UNITED STATES DISTRICT COURT CENTRAL DISTRICT OF ILLINOIS
March 30, 2007
JEFFERY T. DAVIS, PLAINTIFF,
DAVID OWENS, ET AL., DEFENDANTS.
The opinion of the court was delivered by: Harold A. Baker United States District Judge
Before the court is the defendants, Richard Hirsch, Clayton Arnold and David Ziemer's unopposed summary judgment motion. The defendants move for summary judgment pursuant to pursuant to Fed. R. Civ. P. Rule 56 and Local Rule 7.1.
Summary judgment "shall be rendered forthwith if the pleadings, depositions, answers to interrogatories, and admissions on file, together with affidavits, if any, show that there is no genuine issue as to any material fact and that the moving party is entitled to a judgment as a matter of law." Fed. R. Civ. P.56(c); Outlaw v. Newkirk, 259 F.3d 833, 837 (7th Cir. 2001), citing Celotex Corp. v. Catrett, 477 U.S. 317, 322 (1986); Herman v. National Broadcasting Co., Inc., 744 F.2d 604, 607 (7th Cir. 1984), cert. denied, 470 U.S. 1028 (1985). In determining whether factual issues exist, the court must view all the evidence in the light most favorable to the non-moving party. Beraha v. Baxter Health Corp., 956 F.2d 1436, 1440 (7th Cir. 1992). Further, this burden can be satisfied by "'showing'--that is, pointing out to the district court--that there is an absence of evidence to support the nonmoving party's case." Celotex, 477 U.S. at 325. If such a showing is made, the burden shifts to the non-movant to "set forth specific facts showing that there is a genuine issue for trial." Fed. R. Civ. P. 56(e); Outlaw, 259 F.3d at 837. A nonmoving party cannot rest on its pleadings, but must demonstrate that there is admissible evidence that will support its position. Tolle v. Carroll Touch, Inc., 23 F.3d 174, 178 (7th Cir. 1994). Credibility questions "defeat summary judgment only '[w]here an issue as to a material fact cannot be resolved without observation of the demeanor of witnesses in order to evaluate their credibility.'" Outlaw, 259 F.3d at 838, citing Advisory Committee Notes, 1963 Amendment to Fed. R. Civ. P. 56(e)(other citations omitted).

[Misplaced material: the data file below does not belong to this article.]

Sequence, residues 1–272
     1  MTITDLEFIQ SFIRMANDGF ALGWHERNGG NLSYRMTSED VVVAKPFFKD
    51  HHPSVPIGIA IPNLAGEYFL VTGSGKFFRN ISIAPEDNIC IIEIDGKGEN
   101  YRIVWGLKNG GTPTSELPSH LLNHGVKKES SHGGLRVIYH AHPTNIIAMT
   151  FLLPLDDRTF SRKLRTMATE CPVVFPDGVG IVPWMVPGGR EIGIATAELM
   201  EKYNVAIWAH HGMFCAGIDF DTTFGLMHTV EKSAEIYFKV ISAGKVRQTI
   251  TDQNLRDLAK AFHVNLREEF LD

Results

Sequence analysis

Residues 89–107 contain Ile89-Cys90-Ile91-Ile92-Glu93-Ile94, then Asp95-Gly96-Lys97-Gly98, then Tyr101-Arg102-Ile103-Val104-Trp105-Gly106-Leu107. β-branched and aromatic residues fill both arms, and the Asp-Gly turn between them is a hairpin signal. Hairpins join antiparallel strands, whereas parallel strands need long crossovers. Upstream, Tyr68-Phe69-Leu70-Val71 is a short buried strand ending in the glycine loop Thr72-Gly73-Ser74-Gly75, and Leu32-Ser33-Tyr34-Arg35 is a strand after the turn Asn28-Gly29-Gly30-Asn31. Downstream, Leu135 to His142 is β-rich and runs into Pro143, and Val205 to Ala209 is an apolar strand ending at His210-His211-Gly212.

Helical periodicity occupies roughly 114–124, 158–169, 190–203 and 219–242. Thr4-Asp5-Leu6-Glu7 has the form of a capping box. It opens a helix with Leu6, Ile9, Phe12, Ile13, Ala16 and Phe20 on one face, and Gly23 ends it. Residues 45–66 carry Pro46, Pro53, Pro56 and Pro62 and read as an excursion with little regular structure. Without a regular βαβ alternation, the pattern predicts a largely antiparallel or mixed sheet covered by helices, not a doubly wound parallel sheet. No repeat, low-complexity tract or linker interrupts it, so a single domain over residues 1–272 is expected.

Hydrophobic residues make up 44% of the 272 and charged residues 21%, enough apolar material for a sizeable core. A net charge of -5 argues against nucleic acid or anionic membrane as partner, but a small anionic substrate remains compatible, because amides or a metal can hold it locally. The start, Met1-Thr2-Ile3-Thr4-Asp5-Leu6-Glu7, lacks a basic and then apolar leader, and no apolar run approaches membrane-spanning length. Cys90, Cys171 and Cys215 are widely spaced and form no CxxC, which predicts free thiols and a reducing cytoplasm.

Fed. Rule Civ. Pro. Rule 56(c) "mandates the entry of summary judgment, after adequate time for discovery and upon motion, against a party who fails to make a showing sufficient to establish the existence of an element essential to that party's case, and on which that party will bear the burden of proof at trial." Celotex, 477 U.S. at 322. "Where the record taken as a whole could not lead a rational trier of fact to find for the non-moving party there is no 'genuine' issue for trial." Mechnig v. Sears, Roebuck & Co., 864 F.2d 1359 (7th Cir. 1988). A "metaphysical doubt" will not suffice. Matsushita Elec. Industrial Co. v. Zenith Radio Corp., 475 U.S. 574, 586 (1986). Disputed facts are material only if they might affect the outcome of the suit. First Ind. Bank v. Baker, 957 F.2d 506, 507-08 (7th Cir. 1992). The mere existence of some alleged factual dispute between the parties will not defeat an otherwise properly supported motion for summary judgment. Anderson v. Liberty Lobby, Inc., 477 U.S. 242, *247-248, 106 S.Ct. 2505, 2510 (1986).
The plaintiff claims that the defendants Hirsch, Arnold and Ziemer used excessive fordce in arresting Davis. The defendants arrested the plaintiff after he had a physical altercation with a female, Jodie Allen. The officers were told that Davis had a gun and would return to shoot Allen. The office conducted a felony traffic stop of the plaintiff's vehicle and took him into custody. Davis claims that he suffered a fractured jaw during his arrest. He claims the defendants were deliberately indifferent to his health and safety and failed to provide him with medical care for his serious medical needs.
The defendants did using excessive force in arresting Davis. They assert that they took him into custody without difficulty and that he suffered no apparent injury. The defendants assert that Davis did not have any apparent injuries at the time of or subsequent to his arrest. Defendants further assert that Davis did not have a "serious medical need" and the officers were not deliberately indifferent to any of his medical needs.
Statement of Undisputed Material Facts
1. Davis has had a number of felony convictions in McLean County for aggravated battery and a number of retail theft cases. He was also convicted of possession of a stolen vehicle in Cook County. He has been incarcerated with the Illinois Department of Corrections several times. First Davis dep. (Exhibit L) at 9-10.*fn1 Officer Ziemer had at least two prior encounters with Davis involving Davis being drunk in public. Exhibit O (Second Affidavit of Officer Arnold) at ¶2. Officer Hirsch had at least one prior encounter with Davis in which Davis resisted after being taken into custody on an outstanding warrant. Davis claimed that he had a broken back and leg, but no injuries were found when he was seen in the emergency room. Exhibit P (Second Affidavit of Officer Hirsch) at ¶2.